The Minnesota Senate Ethics Committee stalled along party lines Friday when trying to decide if a senator breached legislative ethics in dealing with an affair between the then-Senate majority leader and an employee.
The panel split 2-2 twice about whether Sen. Geoff Michel, R-Edina, acted quickly enough and was discrete in handling an affair between Sen. Amy Koch, R-Buffalo, and Senate GOP Communications Director Michael Brodkorb. Committee work was interrupted when the full Senate went into session.
The issue will drag into next week. Senate Majority Leader Dave Senjem, R-Rochester, said there is a concern that testimony in the Michel case could damage the Senate’s defense of an expected lawsuit in the sex scandal. A discussion on the legal ramifications of continued ethics committee work is expected before another meeting.
Sen. Sandy Pappas, DFL-St. Paul, brought ethics charges against Michel, who as deputy majority leader in September learned of the Koch-Brodkorb affair. Pappas testified that Michel did not confront Koch about the issue until December and he lied to the media about how long he knew about the matter.
“The false and misleading statements provided by Sen. Michel constitute breach of the public’s trust and are unbecoming of a Minnesota senator,” Pappas told the ethics committee. “They tarnish the reputation of the body and bring into question its credibility, as well as the individual senator’s trustworthiness.”
Pappas produced a transcript of a Dec. 16 news conference in which Michel and other Republican senators revealed the inappropriate relationship. It showed that Michel said he learned of the affair a “couple” of weeks earlier; later, Michel admitted he had known of the affair nearly three months.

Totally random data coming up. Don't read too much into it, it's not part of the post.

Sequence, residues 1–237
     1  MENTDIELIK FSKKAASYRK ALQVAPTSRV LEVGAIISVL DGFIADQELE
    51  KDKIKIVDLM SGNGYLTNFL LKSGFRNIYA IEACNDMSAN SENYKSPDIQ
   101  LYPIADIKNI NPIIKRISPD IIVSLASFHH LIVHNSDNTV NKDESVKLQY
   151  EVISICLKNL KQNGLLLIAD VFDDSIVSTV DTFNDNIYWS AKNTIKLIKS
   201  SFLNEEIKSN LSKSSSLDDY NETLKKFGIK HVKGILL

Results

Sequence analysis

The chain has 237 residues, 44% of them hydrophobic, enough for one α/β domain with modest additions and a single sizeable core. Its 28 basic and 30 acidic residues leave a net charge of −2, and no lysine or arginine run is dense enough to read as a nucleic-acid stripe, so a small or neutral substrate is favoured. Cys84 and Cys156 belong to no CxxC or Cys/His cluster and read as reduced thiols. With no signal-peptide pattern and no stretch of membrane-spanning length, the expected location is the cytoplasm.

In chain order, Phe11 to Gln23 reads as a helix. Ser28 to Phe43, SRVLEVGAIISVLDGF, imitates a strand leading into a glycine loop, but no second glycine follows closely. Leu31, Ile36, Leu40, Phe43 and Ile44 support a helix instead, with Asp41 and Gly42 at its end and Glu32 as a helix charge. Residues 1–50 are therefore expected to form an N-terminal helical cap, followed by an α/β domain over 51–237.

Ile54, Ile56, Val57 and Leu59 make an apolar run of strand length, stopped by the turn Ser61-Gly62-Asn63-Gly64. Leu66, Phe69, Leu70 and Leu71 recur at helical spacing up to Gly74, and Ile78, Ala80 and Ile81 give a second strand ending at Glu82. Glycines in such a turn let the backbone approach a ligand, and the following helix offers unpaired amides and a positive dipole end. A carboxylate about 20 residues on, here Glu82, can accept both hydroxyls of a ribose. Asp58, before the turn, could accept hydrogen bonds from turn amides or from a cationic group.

Committee members did not agree that was a lie.
Sen. Bill Ingebrigtsen, R-Alexandria, defended Michel for trying to settle the situation.
“I’m not so sure what I would have done different,” Ingebrigtsen said.
Sen. Kathy Sheran, DFL-Mankato, said that it appeared Ingebrigtsen was saying that “misleading is OK.”
She told Michel: “You chose to be deceptive.”
Committee Chairwoman Sen. Michelle Fischbach, R-Paynesville, called Michel’s comments about how long he had known about the affair “vague rather than actually false statements.”
Michel said he avoided providing reporters with specifics to keep from identifying staffers who reported the affair.
He said GOP senators rushed into the Dec. 16 news availability because the word about the affair already was spreading and they needed to react quickly. He called the news conference minutes after a Capitol reporter’s tweet mentioned a Koch affair.
Looking at reporters covering Friday’s hearing, Michel said: “This 21st century media, you guys act quickly.”
Fischbach often stopped Michel from answering questions, saying that many comments could affect a lawsuit Brodkorb says he will file against the Senate. He claims he was fired, but female Senate employees who had affairs with male senators have kept their jobs.
Sheran said the restrictions due to the expected lawsuit mean the ethics committee cannot investigate whether Michel operated with sufficient speed, but she said the question still remains about whether he mislead the public through the press.
Fischbach said it was not clear what would change after the Friday meeting that could result in a decision after two tie votes. Senate rules require the committee decide one way or the other or schedule a specific time to meet again.
Following the hearing, Pappas said she was frustrated by the lawsuit threat because she expected to be able to investigate the
Michel quit his leadership job after Koch resigned as majority leader in December and he has since said he will not run for Senate again.
Friday’s committee meeting was unusual in that most Republican senators attended the meeting in support of Michel. Pappas and two committee members were the only Democratic senators in the room.